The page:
5 Discussion and Final Remarks
The rapidly growing market of video games and VR headsets indicates an increase in the number of people who play games.
In this work, we address the chances and problems for people with disabilities regarding games and VR applications. Our comparison of existing game and VR guidelines provides a broader understanding on existing guidelines from various sources. It can also help the authors of the guidelines to improve them in the future as they see what might be missing. Furthermore, we hope this work can help raise awareness, especially for accessible VR games.
The comparison showed that none of the presented guidelines is an exhaustive list. We found that there are some important rules missing in the relevant works that are included in other guidelines. However, most rules are covered by either the Game Accessibility Guidelines or the EN 301 549 standard. Among game guidelines, only the GAG and Xbox Accessibility Guidelines include rules that are specific to VR. As can be seen, the guidelines from MediaLT (2004) and the Top Ten from IGDA GASIG (2015) do not add any rules to the set that are not included in other guidelines.
It should be noted that our resulting set of guidelines is based on literature research only, and that we have not conducted empirical research with users to identify possible omissions of accessibility requirements in existing guidelines. Therefore, the “comprehensive” set of guidelines that we present in this paper may need to be further extended in the future to address accessibility needs that have yet to be identified in the field.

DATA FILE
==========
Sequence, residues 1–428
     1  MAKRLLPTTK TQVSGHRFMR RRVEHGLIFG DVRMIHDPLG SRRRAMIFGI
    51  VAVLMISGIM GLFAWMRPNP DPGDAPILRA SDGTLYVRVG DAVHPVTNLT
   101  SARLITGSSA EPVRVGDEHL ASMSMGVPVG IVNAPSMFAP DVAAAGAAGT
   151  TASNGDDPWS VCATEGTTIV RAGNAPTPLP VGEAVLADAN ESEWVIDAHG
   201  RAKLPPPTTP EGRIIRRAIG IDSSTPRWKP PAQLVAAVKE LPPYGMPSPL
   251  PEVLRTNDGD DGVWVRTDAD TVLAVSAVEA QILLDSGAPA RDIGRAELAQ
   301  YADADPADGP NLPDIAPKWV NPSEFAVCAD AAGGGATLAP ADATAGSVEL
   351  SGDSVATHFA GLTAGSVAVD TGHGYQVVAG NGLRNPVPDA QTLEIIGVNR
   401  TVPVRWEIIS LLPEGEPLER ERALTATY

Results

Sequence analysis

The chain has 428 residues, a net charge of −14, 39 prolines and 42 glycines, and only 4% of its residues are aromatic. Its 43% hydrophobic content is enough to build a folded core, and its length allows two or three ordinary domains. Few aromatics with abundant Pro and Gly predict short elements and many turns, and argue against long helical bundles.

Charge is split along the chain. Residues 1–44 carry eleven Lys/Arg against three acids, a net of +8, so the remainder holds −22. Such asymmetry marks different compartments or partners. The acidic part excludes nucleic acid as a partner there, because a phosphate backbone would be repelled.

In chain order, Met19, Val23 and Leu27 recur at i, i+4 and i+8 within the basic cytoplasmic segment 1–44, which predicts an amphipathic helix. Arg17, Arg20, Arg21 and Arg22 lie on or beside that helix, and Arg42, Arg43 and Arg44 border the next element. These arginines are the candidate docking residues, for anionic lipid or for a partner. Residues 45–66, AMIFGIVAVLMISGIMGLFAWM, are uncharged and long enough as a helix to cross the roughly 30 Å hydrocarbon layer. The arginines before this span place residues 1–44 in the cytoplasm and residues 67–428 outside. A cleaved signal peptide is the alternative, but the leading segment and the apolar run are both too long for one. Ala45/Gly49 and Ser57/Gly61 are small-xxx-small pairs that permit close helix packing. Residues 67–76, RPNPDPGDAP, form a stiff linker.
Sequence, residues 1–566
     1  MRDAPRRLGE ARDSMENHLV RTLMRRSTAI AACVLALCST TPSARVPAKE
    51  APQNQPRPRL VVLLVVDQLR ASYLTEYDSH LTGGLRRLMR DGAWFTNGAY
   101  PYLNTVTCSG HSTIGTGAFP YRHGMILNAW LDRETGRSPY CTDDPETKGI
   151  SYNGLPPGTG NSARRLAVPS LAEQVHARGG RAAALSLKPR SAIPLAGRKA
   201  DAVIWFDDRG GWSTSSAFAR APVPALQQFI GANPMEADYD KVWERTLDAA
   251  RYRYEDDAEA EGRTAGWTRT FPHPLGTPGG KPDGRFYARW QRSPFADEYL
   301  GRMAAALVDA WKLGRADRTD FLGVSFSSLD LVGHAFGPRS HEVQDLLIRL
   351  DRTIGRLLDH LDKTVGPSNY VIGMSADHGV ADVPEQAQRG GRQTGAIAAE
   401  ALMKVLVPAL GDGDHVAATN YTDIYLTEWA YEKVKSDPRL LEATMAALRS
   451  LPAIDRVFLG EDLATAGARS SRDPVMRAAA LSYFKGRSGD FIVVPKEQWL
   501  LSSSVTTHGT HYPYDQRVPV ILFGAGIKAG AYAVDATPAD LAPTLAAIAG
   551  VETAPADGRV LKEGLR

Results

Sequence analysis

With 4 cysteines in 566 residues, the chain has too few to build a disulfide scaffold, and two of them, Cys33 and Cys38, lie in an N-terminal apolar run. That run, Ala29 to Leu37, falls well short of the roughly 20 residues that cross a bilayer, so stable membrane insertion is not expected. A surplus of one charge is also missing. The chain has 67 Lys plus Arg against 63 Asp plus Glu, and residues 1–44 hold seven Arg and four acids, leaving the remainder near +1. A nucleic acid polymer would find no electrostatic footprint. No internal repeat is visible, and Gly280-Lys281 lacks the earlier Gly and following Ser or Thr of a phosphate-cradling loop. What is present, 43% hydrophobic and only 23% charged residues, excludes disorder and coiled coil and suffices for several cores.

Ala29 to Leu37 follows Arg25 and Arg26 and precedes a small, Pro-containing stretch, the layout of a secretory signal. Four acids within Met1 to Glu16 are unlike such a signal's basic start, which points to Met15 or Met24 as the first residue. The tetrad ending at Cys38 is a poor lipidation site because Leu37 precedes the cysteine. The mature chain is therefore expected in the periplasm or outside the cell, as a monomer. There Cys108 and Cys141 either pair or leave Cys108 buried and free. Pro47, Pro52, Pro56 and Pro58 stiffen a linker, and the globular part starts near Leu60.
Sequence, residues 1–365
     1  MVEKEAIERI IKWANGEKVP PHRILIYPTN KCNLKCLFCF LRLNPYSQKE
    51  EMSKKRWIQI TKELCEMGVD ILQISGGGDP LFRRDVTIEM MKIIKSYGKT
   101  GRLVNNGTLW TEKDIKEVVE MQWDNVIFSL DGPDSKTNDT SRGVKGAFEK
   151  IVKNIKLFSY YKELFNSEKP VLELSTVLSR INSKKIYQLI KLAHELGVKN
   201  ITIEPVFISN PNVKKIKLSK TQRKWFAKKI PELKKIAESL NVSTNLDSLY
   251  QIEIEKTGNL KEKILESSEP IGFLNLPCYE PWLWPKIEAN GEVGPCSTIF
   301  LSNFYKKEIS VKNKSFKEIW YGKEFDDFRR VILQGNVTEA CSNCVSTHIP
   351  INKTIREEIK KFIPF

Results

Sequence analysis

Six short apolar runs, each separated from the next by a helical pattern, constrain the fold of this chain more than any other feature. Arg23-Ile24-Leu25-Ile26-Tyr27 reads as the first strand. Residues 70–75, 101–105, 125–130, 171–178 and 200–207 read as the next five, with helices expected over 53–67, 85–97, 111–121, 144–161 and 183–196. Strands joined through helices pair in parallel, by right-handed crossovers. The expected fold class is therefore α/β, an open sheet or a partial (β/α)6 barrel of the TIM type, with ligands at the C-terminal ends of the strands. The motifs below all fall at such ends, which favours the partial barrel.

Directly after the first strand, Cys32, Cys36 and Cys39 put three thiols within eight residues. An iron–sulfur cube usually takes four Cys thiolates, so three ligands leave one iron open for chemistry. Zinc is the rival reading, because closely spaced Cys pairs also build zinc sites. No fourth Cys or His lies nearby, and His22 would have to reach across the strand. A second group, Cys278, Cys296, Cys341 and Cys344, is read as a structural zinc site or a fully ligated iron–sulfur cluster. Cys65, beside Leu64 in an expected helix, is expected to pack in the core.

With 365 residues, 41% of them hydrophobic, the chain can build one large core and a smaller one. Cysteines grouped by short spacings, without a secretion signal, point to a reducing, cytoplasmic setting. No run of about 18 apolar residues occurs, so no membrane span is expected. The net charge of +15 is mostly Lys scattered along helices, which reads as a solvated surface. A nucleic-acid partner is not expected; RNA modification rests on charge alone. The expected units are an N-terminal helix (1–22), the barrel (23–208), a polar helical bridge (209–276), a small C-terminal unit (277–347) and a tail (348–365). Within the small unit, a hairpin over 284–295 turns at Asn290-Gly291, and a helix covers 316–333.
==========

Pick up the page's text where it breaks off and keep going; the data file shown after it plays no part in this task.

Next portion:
We noticed that there are a few guidelines in the EN 301 549 standard that do not occur in the GAG. On the other hand, there are some rules that are missing in the European standard or are not stated with sufficient specificity. We conclude that the legal requirements are currently not sufficient to cover the full range of accessibility needs of the users. Therefore, we suggest that missing guidelines should be added to the European standard.
Another problem with the European standard is its structure and wording. During the evaluation it became apparent that the standard is very hard to read and understand. Rules that are not linked to WCAG can be interpreted in different ways and no examples are given. We fear that the EN 301 549 may not be suitable as a guide to be used by developers directly. A possible approach would be to translate the standard into an alternative version of more applicable rules with practical examples. Also, a tutorial should be provided that shows in detail how each criterion is applied to VR applications.